However, African American leaders were not of one mind in determining the best strategy with which to combat segregation. Some influential leaders such as Booker T. Washington, felt that the best approach for improving the condition of African Americans was economic advancement. Civil and political justice, he argued, would follow. Toward this end, he founded the Tuskegee Institute, which was designed to provide African Americans with an industrial education that would enable African Americans to find better jobs. This strategy was supported by many whites just as eager to put an end to racial disharmony. Other African American leaders such as W. E. B. Du Bois and representatives of the NAACP insisted that the best approach to racial equality was to fight for immediate universal political and civil equality. They saw Washington and his policy of "accommodation" as leading African Americans backward into slavery, pointing out that education was difficult to come by for African Americans in the South. The rampant poverty in the South allowed for only a three-month school year for African Americans who were fortunate enough to go to school. In addition, African American teachers made less than convicts. Although county training schools began to emerge in the South, they merely provided an industrial education which served to keep southern African Americans in a subordinate economic position.
Throughout the first half of the twentieth century modest progress was made in the fight against racial discrimination and segregation. Militant white racism, exemplified in organizations such as the Ku Klux Klan, reached its peak in the mid-1920s, with membership reaching an all-time high of five million in 1929. However, many states disapproved of the atrocious intimidation tactics employed by the Klan which helped reduce membership to less than 100,000. The number of lynchings dropped from 83 to 7 in 1929. U.S. involvement in world affairs also served as a vehicle for progress in the area of racial discrimination as many African Americans courageously answered the call of military service during World War I, though in segregated regiments.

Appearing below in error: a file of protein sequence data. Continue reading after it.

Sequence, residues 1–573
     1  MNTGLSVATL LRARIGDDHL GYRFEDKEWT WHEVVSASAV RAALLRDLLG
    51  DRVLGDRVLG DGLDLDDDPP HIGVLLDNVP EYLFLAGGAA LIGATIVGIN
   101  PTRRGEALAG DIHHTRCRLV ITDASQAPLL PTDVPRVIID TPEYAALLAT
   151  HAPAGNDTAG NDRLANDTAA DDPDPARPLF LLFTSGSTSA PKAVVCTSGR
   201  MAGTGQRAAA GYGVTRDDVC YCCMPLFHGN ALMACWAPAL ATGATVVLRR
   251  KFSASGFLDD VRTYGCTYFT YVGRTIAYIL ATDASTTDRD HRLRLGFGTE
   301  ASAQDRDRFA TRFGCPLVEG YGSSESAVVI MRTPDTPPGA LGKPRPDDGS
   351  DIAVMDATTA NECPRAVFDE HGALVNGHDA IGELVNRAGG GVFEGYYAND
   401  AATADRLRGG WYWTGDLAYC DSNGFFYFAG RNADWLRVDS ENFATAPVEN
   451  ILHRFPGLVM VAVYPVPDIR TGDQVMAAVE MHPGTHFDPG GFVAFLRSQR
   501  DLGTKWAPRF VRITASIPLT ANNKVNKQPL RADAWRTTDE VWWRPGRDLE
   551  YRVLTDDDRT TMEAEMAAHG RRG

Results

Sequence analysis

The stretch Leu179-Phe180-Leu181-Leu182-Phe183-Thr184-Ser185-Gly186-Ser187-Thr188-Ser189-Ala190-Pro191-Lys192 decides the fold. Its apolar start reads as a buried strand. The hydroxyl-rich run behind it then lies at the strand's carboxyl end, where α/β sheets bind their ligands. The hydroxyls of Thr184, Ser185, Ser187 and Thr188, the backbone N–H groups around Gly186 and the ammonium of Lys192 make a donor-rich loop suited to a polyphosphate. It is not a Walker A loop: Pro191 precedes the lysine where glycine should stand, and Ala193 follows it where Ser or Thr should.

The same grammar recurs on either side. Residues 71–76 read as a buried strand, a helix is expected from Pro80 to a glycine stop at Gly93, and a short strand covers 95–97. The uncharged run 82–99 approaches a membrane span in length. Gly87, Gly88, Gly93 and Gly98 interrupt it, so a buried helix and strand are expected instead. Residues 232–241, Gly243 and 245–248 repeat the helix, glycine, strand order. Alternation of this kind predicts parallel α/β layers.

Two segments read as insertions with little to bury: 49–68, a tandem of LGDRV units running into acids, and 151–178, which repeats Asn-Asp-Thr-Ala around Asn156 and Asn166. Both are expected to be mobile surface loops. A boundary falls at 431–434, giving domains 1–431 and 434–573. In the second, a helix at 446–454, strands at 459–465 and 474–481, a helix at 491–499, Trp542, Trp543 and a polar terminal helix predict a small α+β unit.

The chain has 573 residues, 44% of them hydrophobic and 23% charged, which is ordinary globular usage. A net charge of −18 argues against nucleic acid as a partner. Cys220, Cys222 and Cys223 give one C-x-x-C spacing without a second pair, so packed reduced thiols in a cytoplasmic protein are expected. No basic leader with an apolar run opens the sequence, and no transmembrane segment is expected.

Although the political and social climate was progressing, the Supreme Court was still reluctant to address the important issues of racial equality. The Great Depression was particularly hard on African Americans who were already in an economically compromising position. Education for African Americans continued to be problematic. In the 1930s, while the average expenditure per student per year in schools was $80, for African Americans it was only $15. Increasingly, in the North, African Americans began to fight segregation in the schools. In Philadelphia, for example, concerted efforts by the Education Equity League and the NAACP resulted in desegregated schools, the admittance of African American teachers in African American and white schools, and placement of an African American on a school board by 1940. The NAACP also established a strategy to tackle Plessy v. Ferguson in the courts, by slowly chipping away at the "separate but equal" doctrine in specific cases. For example, Murray v. Maryland (1936) forced Maryland to desegregate its law schools and McLaurin v. Oklahoma State Regents for Higher Education (1950) and Sweatt v. Painter (1950) addressed graduate school inequalities. Still, the Court did not reverse the position it advanced in Plessy. The NAACP legal defense team continued to look for the case that might reverse that decision and open the floodgates of reform. Meanwhile, America was drawn into another world war in which African Americans again took part despite their unequal treatment at home.
- Segregation and Desegregation - Brown V. Board Of Education
- Segregation and Desegregation - Separate But Equal